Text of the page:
Thursday, 25 August 2011

Film Review: The Ledge

Gavin (Hunnam) is goaded to the ledge of a high-rise building in a theological double-dare where he is offered until noon to make the fateful decision whether to jump or not. Cop Hollis (Howard), experiencing his own existential crisis, is sent to talk Gavin out of it as The Ledge attempts to explore those hot topics of religion and atheism.

The Ledge is an overwrought criticism of religion where its characters are draped in melodramatic explanations as to their world view, only serving to undermine the central theme that religion is bunk. Indeed, its arguments are vacuous and lacking in depth, merely treading on familiar territory. The Ledge is such a vehemently one-sided debate that it's not even interesting, seeking only to chastise those of faith. Ironically it portrays atheists to be just as morally decrepit and intolerant as the religious freakazoids writer/director Matthew Chapman so hates. For example, the film works through a series of flashbacks as where Gavin gets involved in a love triangle battled out against the backdrop of a theological debate. This serves to spur Gavin on to teach fundamentalist Joe a lesson by corrupting his wife Shana (Tyler) for the sole vindictive purpose of showing his utter contempt for Joe's religious beliefs. Gavin, the film's 'hero' and supposed vehicle for rational atheism, is no better than nutcase Joe. For all intents and purposes he is a pompous asshat who's so self-assured that he's right (ring any fundamentalist bells?) that it's his job to convert those of faith to his side. Gavin barks on about the believer's intolerance of other's lifestyles, only to show he is equally intolerant. All this achieves is to reinforce religious accusations that atheists are morally bankrupt in the same way atheists make people of faith out to be self-righteous pricks.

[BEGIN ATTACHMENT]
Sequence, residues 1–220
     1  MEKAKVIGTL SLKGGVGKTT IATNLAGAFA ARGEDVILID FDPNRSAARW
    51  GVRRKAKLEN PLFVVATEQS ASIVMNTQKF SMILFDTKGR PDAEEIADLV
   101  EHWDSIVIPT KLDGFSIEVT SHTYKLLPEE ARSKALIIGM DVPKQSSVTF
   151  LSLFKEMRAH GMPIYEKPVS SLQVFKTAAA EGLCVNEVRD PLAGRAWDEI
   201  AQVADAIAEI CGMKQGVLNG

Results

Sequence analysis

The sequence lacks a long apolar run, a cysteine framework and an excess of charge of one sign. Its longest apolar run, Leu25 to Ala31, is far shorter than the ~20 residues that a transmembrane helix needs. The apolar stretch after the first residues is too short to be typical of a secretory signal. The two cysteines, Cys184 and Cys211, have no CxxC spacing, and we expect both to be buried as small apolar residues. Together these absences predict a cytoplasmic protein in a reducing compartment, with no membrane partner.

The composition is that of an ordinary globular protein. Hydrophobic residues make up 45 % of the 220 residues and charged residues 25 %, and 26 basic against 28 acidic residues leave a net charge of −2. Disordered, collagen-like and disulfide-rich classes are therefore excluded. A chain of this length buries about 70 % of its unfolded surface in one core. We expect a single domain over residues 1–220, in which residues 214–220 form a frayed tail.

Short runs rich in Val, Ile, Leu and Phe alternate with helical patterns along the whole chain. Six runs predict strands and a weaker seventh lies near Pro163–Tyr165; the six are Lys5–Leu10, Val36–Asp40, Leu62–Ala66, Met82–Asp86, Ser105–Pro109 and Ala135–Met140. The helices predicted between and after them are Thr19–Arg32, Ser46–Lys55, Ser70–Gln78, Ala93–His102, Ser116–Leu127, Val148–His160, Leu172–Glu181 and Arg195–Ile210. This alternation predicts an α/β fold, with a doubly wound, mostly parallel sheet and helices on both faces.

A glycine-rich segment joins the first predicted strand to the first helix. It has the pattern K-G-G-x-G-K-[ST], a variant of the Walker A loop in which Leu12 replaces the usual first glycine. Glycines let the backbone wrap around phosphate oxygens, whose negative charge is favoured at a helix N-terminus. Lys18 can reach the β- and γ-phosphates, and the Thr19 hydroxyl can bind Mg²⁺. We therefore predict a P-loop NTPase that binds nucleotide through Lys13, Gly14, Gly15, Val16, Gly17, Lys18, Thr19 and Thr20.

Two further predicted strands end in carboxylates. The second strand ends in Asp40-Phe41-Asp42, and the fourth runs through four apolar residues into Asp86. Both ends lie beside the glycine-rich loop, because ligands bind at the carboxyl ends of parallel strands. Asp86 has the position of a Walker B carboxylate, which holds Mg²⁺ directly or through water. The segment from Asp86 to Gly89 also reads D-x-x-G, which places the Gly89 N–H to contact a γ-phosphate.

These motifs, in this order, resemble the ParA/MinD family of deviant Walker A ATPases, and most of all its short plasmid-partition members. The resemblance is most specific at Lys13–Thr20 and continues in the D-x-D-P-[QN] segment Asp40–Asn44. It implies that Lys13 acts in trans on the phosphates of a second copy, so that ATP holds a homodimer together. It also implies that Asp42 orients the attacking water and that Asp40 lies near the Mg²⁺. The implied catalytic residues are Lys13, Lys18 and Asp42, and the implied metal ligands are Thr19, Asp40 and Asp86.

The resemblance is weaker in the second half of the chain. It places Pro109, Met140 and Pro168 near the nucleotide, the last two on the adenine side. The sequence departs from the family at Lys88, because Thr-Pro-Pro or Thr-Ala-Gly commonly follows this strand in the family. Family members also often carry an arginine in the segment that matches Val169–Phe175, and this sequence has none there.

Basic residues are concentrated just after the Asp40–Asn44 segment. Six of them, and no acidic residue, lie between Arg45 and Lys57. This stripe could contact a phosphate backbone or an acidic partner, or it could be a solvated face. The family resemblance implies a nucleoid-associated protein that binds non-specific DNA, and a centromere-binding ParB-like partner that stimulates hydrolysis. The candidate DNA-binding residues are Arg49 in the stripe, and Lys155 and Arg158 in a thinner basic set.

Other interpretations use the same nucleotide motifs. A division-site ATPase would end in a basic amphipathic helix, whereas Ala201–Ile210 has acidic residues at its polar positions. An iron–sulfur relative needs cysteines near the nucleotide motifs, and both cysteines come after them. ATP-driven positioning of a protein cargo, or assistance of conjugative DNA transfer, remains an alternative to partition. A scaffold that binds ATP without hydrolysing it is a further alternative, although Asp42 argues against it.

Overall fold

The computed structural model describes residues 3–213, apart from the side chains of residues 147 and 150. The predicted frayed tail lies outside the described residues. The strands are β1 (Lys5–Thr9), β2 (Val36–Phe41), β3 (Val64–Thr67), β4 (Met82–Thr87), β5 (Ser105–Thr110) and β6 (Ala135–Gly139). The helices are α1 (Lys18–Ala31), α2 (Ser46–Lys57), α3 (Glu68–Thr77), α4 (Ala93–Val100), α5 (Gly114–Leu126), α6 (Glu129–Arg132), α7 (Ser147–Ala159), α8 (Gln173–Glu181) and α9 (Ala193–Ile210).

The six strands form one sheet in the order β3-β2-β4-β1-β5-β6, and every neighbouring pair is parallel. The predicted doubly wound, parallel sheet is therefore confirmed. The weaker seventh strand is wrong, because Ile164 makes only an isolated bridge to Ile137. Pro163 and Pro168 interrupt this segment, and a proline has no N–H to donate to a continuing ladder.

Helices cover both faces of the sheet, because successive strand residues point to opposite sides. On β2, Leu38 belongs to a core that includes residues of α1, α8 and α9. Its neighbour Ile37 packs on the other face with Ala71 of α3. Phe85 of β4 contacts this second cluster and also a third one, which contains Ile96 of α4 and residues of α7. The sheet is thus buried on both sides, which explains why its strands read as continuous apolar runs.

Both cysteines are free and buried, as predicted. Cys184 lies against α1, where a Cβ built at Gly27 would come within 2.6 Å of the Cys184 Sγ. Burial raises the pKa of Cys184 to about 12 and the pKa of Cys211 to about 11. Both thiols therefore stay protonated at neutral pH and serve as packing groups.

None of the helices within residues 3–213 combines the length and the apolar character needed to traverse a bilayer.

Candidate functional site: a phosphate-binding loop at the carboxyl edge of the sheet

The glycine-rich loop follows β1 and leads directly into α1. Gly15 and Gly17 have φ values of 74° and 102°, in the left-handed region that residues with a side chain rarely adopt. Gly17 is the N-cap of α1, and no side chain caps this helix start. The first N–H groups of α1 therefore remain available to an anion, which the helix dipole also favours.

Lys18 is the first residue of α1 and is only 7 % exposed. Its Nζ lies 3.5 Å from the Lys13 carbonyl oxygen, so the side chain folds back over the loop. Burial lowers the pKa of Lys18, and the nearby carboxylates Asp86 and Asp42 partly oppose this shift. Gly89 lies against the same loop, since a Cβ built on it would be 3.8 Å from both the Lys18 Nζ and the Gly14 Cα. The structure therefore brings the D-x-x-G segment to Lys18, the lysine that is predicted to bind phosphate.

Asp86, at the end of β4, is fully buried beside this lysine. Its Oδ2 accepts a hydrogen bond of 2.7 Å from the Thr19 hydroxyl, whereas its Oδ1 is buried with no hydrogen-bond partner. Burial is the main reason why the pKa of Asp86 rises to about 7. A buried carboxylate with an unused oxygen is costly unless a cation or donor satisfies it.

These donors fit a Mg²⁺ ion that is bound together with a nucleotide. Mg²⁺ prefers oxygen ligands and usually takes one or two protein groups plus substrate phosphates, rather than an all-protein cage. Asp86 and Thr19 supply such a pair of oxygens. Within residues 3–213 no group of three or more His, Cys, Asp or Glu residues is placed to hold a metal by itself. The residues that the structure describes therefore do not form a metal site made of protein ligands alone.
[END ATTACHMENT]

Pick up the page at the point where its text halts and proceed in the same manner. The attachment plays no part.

The acting isn't great either. This is particularly surprising from Sons of Anarchy's Hunnam, who is excellent in the critically acclaimed TV series. He seems contrived and forced in a Hallmark channel drama kind of way. Other performances vary from mere mediocrity to equally slipshod as characters remain one-dimensional and exist merely to add fuel to the fire in sake of the film's philosophical 'arguments'. Patrick Wilson's Joe has been made so mentally unhinged that any debate with him is inherently unfair. Liv Tyler's occupies the anchor role, once again playing that blank, pallid female she seems so adept to. Vapidly vulnerable and having no opinion of her own, she is easily swayed in some vain attempt to add an element of pathos to proceedings. Chapman tries to ward of accusations of bias through Howard's character, portrayed to be the redeeming face of religion. However his banal subplot of bringing up someone else's kids all these years after finding out he's sterile is scarcely dealt with in a satisfying manner. Yes, it shows that religious people can also be mild-mannered and sound of mind while also displaying positive qualities of forgiveness, but his melodramatic tale acts more as just a device to keep the main plot ticking over until the film is over. Moreover all the character's social interactions with one-another are wholly unbelievable, particularly that between Gavin and Joe who take preordained pot shots at each other without ever getting intellectually intriguing.

The Ledge delivers hollow polemic, derisory dialogue and drab drama. It maintains a stale dramatic formula from the cheesy dramas of the nineties and is a film which exists only to display contrived contempt for the religion in the most preachy and verbose manner imaginable. If this wasn't so gulling it might actually be interesting.